Last time we demonstrated how to use the ODBC Foreign Data wrapper, this time we'll continue our journey into Foreign Data Wrapper land by demonstrating what I'll call the File FDW family of Foreign Data Wrappers. There is one that usually comes packaged with PostgreSQL 9.1 which is called fdw_file but there are two other experimental ones I find very useful which are
developed by Andrew Dunstan both of which Andrew demoed in PostgreSQL Foreign Data Wrappers and talked
about a little bit Text files from a remote source. As people who have to deal with text data files day in and out, especially ones from mainframes, these satisfy a certain itch.
file_fdw - for querying delimited text files.
file_fixed_length_fdw - this one deals with fixed length data. We discussed methods of importing fixed length data in Import Fixed width data. This is yet another approach but has the benefit that you can also use it to import just a subset of a file.
file_text_array_fdw - this one queries a delimited file as if each delimiete row was a text array. It is ideal for those less than perfect moments when someone gives you a file with a 1000 columns and you don't have patience to look at what the hell those columns mean just yet.
In this article, we'll just cover the file_fdw one, but will follow up in subsequent articles, demonstrating the array and fixed length record ones.
As promised in our prior article: ODBC Foreign Data wrapper on windows, we'll demonstrate how to query SQL Server using the Foreign Data Wrapper. This we are testing on windows.
As far as querying SQL Server / PostgreSQL goes, the Foreign Data Wrapper still lacks many features that the SQL Server Linked Server approach provides.
The key ones we find currently lacking: ability to do updates and reference a table directly from server without knowing underlying structure. That said
the Foreign data Wrapper approach has possiblity to support a lot more data sources with ease. We'll demonstrate in subsequent articles using the www_fdw to query
web services which we've been playing a lot with and the often packaged in file_fdw. Enough of that let's start with a concrete example.
Warning, this is not production ready, but seems like a very promising start and with more testing can become very robust. Although we are demonstrating odbc_fdw on windows,
it is supported on Unix via the UnixODBC, but the data sources you can query will probably be different.
I'm really looking forward to how the FDW technology in PostgreSQL will push the envelop. I've been playing around with the www_fdw as well and been impressed how easily it is to
query webservices with SQL. A very ah-hah moment.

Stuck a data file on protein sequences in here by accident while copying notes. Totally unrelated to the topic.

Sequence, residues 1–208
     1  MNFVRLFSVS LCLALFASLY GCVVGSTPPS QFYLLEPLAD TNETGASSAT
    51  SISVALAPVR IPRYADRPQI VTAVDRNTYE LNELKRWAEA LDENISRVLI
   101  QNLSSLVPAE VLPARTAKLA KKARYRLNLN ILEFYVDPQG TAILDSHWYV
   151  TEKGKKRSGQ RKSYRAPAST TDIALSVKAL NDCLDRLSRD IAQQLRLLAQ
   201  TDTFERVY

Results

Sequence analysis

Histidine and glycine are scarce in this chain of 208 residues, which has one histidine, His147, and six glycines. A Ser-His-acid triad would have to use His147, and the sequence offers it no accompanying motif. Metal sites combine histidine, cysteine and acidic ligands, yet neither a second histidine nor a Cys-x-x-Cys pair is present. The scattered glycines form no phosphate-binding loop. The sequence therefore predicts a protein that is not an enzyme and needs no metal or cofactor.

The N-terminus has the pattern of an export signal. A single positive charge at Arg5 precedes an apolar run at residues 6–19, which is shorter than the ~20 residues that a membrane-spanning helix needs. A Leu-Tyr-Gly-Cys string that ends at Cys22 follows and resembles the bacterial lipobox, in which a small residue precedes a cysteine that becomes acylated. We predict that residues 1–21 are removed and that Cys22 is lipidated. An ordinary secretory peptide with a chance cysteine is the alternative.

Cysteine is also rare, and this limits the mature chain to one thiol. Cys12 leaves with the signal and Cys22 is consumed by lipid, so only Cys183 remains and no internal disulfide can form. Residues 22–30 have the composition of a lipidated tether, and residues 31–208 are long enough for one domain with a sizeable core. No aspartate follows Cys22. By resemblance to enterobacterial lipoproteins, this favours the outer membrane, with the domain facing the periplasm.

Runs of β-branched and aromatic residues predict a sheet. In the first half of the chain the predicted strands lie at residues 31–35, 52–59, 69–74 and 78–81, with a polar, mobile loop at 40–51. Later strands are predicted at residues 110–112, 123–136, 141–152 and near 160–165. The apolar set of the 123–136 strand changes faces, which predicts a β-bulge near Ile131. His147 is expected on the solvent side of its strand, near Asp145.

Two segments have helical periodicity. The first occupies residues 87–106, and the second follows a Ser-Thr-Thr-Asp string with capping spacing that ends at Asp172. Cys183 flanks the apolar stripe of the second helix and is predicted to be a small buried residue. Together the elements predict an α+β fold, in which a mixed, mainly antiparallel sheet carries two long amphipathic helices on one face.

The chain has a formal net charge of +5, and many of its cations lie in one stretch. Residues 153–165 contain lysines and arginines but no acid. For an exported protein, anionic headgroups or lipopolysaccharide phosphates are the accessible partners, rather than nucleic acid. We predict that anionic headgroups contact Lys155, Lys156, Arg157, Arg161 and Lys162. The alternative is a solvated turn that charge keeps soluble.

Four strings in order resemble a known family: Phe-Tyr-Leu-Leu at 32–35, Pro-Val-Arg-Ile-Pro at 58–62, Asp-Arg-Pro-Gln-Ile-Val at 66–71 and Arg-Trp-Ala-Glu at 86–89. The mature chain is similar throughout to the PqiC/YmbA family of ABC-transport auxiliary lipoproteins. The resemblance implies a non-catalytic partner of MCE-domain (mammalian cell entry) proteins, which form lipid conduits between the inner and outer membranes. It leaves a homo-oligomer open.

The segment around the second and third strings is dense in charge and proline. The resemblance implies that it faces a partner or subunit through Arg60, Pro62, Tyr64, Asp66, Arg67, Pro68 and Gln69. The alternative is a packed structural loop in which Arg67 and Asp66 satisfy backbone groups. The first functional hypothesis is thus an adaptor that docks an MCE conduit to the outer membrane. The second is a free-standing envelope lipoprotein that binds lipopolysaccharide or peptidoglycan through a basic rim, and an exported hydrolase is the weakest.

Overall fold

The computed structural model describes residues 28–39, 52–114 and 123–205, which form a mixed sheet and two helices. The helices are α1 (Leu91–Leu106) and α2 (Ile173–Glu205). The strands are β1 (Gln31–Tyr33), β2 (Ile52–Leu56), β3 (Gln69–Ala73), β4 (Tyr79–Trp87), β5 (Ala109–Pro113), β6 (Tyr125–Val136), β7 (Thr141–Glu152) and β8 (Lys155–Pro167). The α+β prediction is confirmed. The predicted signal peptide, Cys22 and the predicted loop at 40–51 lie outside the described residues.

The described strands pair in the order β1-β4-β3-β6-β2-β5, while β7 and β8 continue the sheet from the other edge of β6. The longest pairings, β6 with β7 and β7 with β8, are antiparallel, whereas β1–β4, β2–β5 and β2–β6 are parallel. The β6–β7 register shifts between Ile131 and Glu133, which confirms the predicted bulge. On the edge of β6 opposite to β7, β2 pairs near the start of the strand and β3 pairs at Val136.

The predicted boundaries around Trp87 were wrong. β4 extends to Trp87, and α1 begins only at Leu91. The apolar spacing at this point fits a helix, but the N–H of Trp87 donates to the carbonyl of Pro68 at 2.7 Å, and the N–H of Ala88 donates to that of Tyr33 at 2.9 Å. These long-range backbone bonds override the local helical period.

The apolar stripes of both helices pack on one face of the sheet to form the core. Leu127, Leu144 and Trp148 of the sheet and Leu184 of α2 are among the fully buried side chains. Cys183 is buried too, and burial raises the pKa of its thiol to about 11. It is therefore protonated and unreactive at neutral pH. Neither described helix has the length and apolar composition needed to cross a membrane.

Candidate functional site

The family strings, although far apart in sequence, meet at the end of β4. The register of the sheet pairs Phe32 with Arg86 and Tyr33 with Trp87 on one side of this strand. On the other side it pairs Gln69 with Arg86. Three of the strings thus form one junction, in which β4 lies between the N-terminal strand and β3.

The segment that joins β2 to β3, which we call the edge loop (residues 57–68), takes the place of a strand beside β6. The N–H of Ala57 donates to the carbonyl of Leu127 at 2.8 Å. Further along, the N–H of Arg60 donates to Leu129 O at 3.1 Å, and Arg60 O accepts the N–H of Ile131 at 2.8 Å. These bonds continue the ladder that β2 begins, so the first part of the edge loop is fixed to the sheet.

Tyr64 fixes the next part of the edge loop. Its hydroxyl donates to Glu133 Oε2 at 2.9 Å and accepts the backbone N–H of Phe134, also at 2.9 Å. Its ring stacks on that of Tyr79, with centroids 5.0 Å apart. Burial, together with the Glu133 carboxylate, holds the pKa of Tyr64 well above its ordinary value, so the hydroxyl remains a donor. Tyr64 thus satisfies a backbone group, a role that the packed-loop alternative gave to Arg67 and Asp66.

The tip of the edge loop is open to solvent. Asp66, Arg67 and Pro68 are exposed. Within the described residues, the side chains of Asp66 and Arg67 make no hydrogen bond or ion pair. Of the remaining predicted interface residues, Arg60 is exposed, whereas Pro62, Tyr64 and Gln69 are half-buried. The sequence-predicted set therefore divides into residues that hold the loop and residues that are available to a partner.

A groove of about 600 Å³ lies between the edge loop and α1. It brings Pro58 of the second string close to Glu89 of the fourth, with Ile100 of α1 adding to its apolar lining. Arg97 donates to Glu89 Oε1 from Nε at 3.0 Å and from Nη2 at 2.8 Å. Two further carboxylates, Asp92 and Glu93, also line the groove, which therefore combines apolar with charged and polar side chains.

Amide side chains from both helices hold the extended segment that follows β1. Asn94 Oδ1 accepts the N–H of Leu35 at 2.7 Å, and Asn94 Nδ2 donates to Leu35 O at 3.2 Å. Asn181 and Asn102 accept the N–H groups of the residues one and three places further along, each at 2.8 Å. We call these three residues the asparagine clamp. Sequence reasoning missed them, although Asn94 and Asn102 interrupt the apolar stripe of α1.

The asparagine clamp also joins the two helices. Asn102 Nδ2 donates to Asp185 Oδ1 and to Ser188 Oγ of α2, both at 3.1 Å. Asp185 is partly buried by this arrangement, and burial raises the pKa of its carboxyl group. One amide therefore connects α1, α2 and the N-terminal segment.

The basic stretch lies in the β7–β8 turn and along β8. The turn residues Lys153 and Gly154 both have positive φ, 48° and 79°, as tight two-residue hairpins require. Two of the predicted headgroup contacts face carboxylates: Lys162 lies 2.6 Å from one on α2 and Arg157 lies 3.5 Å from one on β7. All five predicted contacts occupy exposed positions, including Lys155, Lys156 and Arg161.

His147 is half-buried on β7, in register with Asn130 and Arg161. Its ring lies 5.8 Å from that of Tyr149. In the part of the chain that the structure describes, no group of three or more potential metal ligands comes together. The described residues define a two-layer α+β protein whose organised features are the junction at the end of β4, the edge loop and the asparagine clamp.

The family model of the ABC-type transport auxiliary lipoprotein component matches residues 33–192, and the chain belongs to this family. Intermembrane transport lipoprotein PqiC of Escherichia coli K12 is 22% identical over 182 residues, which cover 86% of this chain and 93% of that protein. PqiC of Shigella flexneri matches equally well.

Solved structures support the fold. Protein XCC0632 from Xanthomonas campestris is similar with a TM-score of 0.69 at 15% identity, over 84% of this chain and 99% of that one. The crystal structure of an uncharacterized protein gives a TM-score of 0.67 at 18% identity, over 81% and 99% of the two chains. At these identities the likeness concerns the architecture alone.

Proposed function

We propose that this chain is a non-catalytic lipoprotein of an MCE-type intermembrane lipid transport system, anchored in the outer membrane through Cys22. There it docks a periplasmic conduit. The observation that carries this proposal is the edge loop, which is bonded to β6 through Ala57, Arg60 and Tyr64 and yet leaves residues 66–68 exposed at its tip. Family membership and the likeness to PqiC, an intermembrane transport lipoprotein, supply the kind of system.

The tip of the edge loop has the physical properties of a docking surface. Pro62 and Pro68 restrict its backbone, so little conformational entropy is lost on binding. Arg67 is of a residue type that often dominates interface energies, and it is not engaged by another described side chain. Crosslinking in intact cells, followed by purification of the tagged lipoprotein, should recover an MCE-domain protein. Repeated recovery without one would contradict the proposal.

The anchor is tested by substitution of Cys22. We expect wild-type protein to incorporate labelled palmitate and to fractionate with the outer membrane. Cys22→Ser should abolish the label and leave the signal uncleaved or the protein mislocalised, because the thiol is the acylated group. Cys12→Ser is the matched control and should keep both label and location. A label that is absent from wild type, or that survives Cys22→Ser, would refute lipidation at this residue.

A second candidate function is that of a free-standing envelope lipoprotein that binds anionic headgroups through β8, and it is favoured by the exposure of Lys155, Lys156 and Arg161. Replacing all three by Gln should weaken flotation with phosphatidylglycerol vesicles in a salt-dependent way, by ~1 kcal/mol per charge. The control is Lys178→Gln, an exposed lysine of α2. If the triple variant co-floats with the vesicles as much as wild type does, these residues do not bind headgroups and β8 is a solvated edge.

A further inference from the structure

If you are looking for odbc fdw drivers for PostgreSQL 9.5 and 9.6 refer to this newer article
One of the new features in PostgreSQL 9.1 that we've been meaning to try is the new foreign data wrapper support.
Now that we are in compile mode gearing up for releasing PostGIS 2.0.0 for windows (both 32 and 64-bit), we thought we'd give the odbc_fdw a try trying to compile on windows. Last we tried we weren't successful because
we couldn't get past the -lodbc required step.
It turns out there is an easy fix to the ODBC dependency issue and I'm not sure I changed the line right. In the makefile we changed -lodbc to -lodbc32. This was needed for both compiling 32-bit as well as the 64-bit. We compiled the 64-bit version under our Mingw-64 chain
and 32-bit under our old Mingw gcc 3.4.5. Sadly we still don't have our mingw64 (compile for windows 32-bit compile up yet). Our ming64 for windows 32 can compile the 9.2 development branch but not the 9.1.3. Go figure. Anyrate to make a long story short -- we have 32-bit binaries for PostgreSQL (you can use in VC++ builds) and 64-bit binaries as well that you can use for the VC++ EDB builds for those who are interested in experimenting.
PostgreSQL 9.1 Windows 32-bit ODBC FDWPostgreSQL 9.1 Windows 64-bit ODBC FDW
So far we've tried the PostgreSQL 64-bit data wrapper against a SQL Server 2005 DSN and it seems to work fine. Have yet to try it on other ODBC sources.
We'll write up a more detailed article describing how to make the connections.
There is one trick to getting Mingw64 compiled PostgreSQL extensions to work with the Windows 64-bit EDB builds, and that is that when you compile your PostgreSQL under mingw64,
you have to configure with option ----disable-float8-byval as we noted in our PostGIS Window 64 build instructions.